Will get started on work… as soon as I finish this.
This being The Art of Procrastination: A Guide to Effective Dawdling, Lollygagging and Postponing by John Perry (no relation to Max of the same surname).
And, if, like me, you’re also procrastinating, you should read three of my favourite articles about procrastination, which I often read as a means of procrastination while procrastinating:
P.S. This is the website for Structured Procrastination, in case you want to buy the book too.
Another of the things I’ve been working on is a little artistic endeavour with a friend.
We’re hoping it’ll turn into something larger: an installation or an exhibition, perhaps, or maybe even a staged reading of sorts.
Not too sure how it’s gonna pan out, but as everything in life, we’ll eventually get to where we’re supposed to go.
Human progress and evolution have moved in tandem with the ability to communicate ideas between people and across spaces. As technologies emerge and develop over the years, humans have been better-enabled to communicate in more forms and at greater speeds than ever before.
While better means of communication have predisposed us to communicating more (from a quantitative perspective), we seem to be communicating less, from a qualitative perspective: people are glued to their phones as opposed to talking face-to-face; the human propensity for and inclination toward reading lengthy tomes and responding to messages and ideas have been reduced to quick sound-bites and quickly-typed out texts, limited to anything between 140 to 160 characters, depending on the medium of transmission and largely hinging upon our desire for instantaneous response; our need for speed.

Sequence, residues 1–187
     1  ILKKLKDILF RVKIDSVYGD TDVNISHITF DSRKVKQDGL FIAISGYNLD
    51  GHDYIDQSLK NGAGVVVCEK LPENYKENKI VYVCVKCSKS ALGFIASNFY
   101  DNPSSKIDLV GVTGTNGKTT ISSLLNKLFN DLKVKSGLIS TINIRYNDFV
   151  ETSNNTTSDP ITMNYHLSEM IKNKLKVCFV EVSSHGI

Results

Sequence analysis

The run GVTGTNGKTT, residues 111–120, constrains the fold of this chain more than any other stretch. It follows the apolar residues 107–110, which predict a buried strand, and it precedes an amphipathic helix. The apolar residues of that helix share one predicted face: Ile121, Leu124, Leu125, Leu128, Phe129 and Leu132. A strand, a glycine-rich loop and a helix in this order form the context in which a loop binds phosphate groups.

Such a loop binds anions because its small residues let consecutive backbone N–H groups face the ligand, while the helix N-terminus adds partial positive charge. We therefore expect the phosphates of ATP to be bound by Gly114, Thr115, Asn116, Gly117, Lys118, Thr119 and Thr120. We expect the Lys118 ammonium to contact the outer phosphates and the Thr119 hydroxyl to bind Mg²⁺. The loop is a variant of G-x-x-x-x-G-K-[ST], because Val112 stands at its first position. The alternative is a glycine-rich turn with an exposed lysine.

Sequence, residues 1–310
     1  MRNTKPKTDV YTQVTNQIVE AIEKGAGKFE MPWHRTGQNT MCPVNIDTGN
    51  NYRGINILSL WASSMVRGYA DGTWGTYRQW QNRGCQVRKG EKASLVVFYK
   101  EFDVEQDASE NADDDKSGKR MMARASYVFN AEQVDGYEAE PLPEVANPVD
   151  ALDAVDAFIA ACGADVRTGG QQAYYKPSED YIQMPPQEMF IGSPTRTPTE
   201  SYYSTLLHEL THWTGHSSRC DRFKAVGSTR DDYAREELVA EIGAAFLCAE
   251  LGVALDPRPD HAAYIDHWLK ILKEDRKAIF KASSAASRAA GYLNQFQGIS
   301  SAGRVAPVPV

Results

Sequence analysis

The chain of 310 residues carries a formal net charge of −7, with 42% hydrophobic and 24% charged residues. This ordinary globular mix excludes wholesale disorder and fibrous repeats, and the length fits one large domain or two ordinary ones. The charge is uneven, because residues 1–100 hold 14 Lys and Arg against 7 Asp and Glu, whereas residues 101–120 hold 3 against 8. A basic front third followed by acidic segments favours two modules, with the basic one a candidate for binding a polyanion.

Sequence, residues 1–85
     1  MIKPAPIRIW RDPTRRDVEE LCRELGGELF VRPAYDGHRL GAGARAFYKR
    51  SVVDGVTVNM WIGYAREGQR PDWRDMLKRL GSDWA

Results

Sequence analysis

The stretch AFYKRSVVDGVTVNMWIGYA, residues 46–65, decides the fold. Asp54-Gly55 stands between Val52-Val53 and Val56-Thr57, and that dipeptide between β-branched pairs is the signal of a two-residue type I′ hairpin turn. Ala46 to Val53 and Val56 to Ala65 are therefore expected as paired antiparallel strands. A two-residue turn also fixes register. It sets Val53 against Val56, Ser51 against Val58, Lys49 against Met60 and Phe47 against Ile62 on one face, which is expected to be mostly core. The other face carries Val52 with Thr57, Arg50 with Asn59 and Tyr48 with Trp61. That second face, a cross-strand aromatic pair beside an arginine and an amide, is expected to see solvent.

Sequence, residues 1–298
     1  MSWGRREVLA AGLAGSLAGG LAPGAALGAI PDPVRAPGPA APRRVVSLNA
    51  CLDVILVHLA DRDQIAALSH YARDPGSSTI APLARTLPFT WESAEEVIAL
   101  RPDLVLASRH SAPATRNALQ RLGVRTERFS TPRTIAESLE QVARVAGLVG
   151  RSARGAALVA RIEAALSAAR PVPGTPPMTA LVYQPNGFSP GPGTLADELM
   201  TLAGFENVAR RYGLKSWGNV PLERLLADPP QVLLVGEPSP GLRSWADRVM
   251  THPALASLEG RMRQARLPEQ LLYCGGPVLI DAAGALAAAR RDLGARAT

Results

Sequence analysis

What will happen to communication when forcible restraints on time and space are imposed upon it? Is language limited when limits are imposed on language?
Inspired from a conversation about correspondence, communication, procrastination and “The Quiet World” (a poem by Jeffrey McDaniel), Quiet Worlds: The 167 Project is a response to two artists’ desire to understand communication in a modern world through relatively “anachronistic” means.
Follow the correspondence between Magdalen Chua, a visual artist in Scotland, and Laremy Lee, a writer in Singapore, as they use snail mail to exchange postcards containing messages of no more than 167 characters in length to investigate and explore the confines (or the lack thereof) of language and human communication.